For years now work has been creeping its way into home life. Most of us literally carry our work around with us – from the breakfast table to the bed – in the form of cell phones, laptops, and tablets. Try as we might to separate work and home life, they are smashed together by technology and it’s likely not going to change.
Much ink has been spilled debating the effects of the disappearing line between work and home. I’m not about to jump into that tussle. I do, however, wish that one aspect of work would start carrying over into our non-work lives. What aspect would that be? The emphasis on sitting less and moving more.
From Google to the White House, employers across the country are encouraging employees to sit less. If employers are not encouraging this habit change, then employees are organizing for alternatives to sitting desks or outfitting their own workspace. Adjustable-height desks are the furniture of choice when many offices are renovating their space. We all have seen the research on the dangers of prolonged sitting. Employers are interested in cutting health care costs, reducing absenteeism related to health problems, and boosting productivity. Employees long to get rid of that ache in their backs, those few extra pounds, or that post-lunch slump. Adjustable desks, treadmill desks, or even bike desks are being welcomed as alternatives to chairs.
This shift in sitting habits at work is great news. If people sit less at work, then they should sit less overall, right? Well, a new study suggests that may not be the case.
Researchers from Loughborough University in England and Victoria University in Australia recently published surprising results on sitting habits in Medicine & Science in Sports & Exercise. The researchers studied 40 healthy but sedentary office workers by having them wear activity monitors that tracked whether the participants were sitting or standing, among other physical activities.
The participants habits were tracked for two weeks before they were given adjustable-height desks. Prior to getting the desks, the participants spent about 10 hours a day sitting at the office or at home and fewer than 5 hours a day standing. One week after those in the study were given adjustable-height desks, they were sitting for less than 8.5 hours and standing for 6.5 hours a day – a 1.5 hour change in the right direction for both sitting and standing. After three months, however, the time spent standing had dropped to about 5.5 hours – about 30 minutes longer than at the start of the study. The amount of time spent sitting, in turn, had climbed to just over 9 hours per day.
In short, as the participants stood more at the office, they sat more at home. Stacy Clemes, one of the researchers, explained: “It appears that participants were compensating for sitting less at work by sitting more and moving less after work.”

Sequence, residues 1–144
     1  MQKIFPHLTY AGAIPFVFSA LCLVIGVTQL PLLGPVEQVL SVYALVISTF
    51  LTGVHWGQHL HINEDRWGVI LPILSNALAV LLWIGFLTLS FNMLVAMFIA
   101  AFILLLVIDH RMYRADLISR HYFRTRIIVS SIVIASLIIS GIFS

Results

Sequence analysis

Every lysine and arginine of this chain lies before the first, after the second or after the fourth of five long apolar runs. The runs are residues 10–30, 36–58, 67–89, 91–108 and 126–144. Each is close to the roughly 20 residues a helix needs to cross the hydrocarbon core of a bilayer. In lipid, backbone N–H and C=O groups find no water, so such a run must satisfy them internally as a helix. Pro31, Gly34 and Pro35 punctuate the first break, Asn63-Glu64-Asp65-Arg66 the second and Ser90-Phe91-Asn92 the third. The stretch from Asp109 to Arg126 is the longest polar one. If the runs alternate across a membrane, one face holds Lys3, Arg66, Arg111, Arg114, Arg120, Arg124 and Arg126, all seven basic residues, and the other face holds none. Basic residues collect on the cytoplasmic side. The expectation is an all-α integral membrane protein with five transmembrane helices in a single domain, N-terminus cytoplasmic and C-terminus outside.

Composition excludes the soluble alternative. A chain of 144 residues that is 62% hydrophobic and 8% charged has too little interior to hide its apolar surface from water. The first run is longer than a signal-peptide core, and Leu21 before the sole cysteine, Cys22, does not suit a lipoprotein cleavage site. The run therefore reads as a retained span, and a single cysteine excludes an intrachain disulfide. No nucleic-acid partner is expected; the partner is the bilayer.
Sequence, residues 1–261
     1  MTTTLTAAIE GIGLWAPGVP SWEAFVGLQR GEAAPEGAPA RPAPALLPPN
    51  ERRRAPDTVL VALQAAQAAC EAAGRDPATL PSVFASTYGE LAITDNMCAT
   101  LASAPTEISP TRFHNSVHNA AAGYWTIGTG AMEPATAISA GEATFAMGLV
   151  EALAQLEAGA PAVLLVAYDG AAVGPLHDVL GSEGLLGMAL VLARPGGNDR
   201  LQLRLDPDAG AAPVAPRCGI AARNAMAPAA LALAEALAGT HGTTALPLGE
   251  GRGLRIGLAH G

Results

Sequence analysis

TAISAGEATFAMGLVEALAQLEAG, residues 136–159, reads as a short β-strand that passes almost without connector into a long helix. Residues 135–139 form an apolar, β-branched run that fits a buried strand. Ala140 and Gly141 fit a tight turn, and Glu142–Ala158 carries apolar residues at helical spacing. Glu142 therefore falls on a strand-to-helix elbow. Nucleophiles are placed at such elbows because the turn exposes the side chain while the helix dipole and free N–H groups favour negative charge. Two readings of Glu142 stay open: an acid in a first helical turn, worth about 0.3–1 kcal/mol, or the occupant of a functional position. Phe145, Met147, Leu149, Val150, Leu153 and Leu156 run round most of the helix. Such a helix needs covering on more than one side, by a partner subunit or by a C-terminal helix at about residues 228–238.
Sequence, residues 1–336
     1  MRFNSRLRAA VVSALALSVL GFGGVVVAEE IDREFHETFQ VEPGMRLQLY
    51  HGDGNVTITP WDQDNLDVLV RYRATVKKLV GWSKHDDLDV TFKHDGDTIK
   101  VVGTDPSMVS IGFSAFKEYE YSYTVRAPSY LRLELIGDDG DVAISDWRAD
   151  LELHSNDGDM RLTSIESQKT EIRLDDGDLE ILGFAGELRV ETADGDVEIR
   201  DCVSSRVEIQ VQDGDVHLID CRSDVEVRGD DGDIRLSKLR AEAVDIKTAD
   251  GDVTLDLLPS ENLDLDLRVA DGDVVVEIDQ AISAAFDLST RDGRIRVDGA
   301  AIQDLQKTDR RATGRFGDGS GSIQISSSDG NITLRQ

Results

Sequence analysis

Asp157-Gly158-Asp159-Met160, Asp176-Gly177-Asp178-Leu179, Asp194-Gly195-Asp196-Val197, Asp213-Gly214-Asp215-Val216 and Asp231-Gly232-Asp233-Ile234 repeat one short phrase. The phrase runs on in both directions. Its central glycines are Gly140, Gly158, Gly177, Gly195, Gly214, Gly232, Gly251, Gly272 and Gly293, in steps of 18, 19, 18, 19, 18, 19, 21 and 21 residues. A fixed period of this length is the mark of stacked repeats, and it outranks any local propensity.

Now this study was a relatively small sample and conducted over a limited time period, but the conclusion is consistent with much of human behavior. If we engage in a healthy activity, we often see if as a free pass to engage in a non-healthy behavior. We’ve all rationalized, “I exercised today so now I can eat this [insert favorite indulgent food].” We tend to want to check boxes rather than focus on the big picture.
When you “check” the exercise box by taking a spin class, lifting weights, or going for a run, but sit for 10 hours and eat a burger, fries, and milkshake for dinner, you are missing the bigger health picture. Similarly when you “check” the standing-at-work box, but then plop on the couch for longer than you would have otherwise, you’re missing the end game. The end game is to reduce chair time overall – not just at the office.
This natural tendency is why it’s so important to shift your focus and break away from a check-the-box mentality. Here are the two ways to shift your focus throughout the day.
First, focus on how often you use chairs, couches, cars – anything that puts your body at a 90-degree angle – as opposed to how often you sit. As I’ve written about previously, chairs, as opposed to sitting, is the big problem. Chairs bring you down – literally – and make it harder to get motivated to move.
Second, focus on how much time you spend in chairs throughout the whole day, not just the workday. Do you sit for all of your meals? Consider standing at the counter for breakfast or finding a tall table at your favorite lunch spot. Do you sit during your commute? Commit to taking public transportation and standing for one way. Do you plop down on the couch as soon as you come home? Try to sit on the floor for 30 minutes rather than on the couch.
Most of us already have little separation between work and home – for better or worse! Use that to your advantage as you reconsider your sitting habits.